Q. You have said the current Ministry of Culture doesn’t have a role in your artistic career. What did the previous ministry do for you?
In fact, it did not provide me anything, but when I met Mr. Khalid Rowaishan, the former minister, at the festival for the International Day for Women, at which I sang and he was highly impressed with my voice. He took pictures with me and promised in front of journalists to cultivate my talents, but he was unseated soon after that day, and my dreams of receiving any help from the ministry went with him.
The former minister used to attend cultural and artistic activities and pay real attention to the arts. The ministry was totally different during his tenure.
What about artistic companies?
Artistic companies in Yemen are being exploited, not actually invested in. The evidence is that one of the companies committed to give me a certain sum of money, but the articles of the contract prevented me from singing for other companies. So I refused their conditions, because art is precious, and needs to be spread. Therefore, I became certain that my album must be produced outside Yemen.
I wish they gave art the priority, and not just money. I wish they supported the talents of artists without such an obsessive concern for gain.
Q. What is your next performance?
I need to be patient about it! I don’t like to perform any song of my own songs, unless the opportunity and proper support are available to produce high level of art. Actually, I have two special songs on par of the Gulf artists. The great poet of the Arabian Peninsula, Ali al-Qahtani, as well as Mohammed Bin Aboud al-Amoudi, helped me to record those two songs and gave me their full support. I would be happier if I could travel to the Gulf to start my artistic career.
Q. What did you do to make your dream come true?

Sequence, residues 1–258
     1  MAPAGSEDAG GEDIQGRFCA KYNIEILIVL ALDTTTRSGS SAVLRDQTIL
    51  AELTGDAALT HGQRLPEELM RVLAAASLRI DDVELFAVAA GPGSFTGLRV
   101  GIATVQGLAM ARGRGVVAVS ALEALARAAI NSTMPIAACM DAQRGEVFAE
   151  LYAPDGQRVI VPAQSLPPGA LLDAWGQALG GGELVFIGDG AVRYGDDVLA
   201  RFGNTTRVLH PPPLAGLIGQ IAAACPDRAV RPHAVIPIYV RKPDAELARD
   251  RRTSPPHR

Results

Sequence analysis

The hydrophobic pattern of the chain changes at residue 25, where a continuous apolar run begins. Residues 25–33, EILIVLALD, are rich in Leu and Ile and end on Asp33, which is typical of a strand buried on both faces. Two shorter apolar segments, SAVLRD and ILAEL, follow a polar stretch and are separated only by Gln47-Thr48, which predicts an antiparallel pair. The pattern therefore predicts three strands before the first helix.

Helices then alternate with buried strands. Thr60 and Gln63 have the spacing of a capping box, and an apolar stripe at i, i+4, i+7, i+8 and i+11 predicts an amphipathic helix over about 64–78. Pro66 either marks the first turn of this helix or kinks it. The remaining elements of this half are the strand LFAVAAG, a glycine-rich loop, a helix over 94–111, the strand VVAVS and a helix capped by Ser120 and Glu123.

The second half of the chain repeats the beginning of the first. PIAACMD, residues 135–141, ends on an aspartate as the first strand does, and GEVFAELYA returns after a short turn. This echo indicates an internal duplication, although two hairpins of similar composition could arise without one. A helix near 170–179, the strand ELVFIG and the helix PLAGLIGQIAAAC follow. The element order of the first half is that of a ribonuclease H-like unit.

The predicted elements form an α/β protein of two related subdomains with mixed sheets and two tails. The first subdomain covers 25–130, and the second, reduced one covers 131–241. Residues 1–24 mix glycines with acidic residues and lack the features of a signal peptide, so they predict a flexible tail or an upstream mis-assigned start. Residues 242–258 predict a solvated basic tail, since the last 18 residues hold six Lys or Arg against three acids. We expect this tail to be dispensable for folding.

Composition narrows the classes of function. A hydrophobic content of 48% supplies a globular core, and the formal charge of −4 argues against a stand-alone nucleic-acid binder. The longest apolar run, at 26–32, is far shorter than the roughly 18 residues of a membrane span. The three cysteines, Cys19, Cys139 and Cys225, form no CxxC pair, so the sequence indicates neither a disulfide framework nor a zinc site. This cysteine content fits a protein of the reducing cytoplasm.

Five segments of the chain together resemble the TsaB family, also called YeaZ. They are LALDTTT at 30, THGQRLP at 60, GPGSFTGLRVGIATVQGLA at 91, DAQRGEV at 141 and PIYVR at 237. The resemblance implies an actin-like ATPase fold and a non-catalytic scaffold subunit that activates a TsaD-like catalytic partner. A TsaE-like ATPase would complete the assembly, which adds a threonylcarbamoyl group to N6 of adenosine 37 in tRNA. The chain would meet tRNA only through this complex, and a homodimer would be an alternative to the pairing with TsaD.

I have been communicating now with top local and international artists to draw their attention in the next few months. I want to prove that Yemeni Women can have great presence in the field of art. I will also show to the artistic community that Yemeni artists are exploited and that they do not even have adequate support.
Q. What are your main achievements?
I participated in competitions for the capital Secretariat’s schools, and I got the first place for the past two years in a row, and this year I hope to participate, but the cultural activity of the schools hasn’t started yet.
I participated in the Fourth Forum for girls which was organized by the Ministry of Youth and Sports two years ago. I was the one who opened the ceremony with a special song. But, when I want to compete, people said that my voice is too good to participate in such competitions.
Recently, I have participated in a concert organized by the Embassy of the Republic of Korea in Sana’a. It celebrated the special friendship in the field of energy between Korea and Yemen. My sister was asked to sing and as usual I went with her.
We were praised by the crowd there, and people said they had never heard such beautiful voices. The audience was told that before they left, they had to hear my voice again, and I felt that everyone was happy and warmly applauded, even though they do not speak Arabic.
Q.Who supports your artistic talent?
My father helped me a lot. He and my mother supported my wish to develop my talent and to fulfil my dreams. Without them we couldn’t sing at all because of our conservative community, which especially the case for Rada’a, our home.
My mother and my sister Amal, and the two poets al-Qahtani and al-Ammodi, as well as the composer, Ahmed Bin Gobl. Wahbiah Ibrahim, the headmistress of al-Khansa School also supports me a lot, and I couldn’t forget the artist, Nader Abdul Razak al-Mathhaji and Abdul Rahman al- Akfash as well.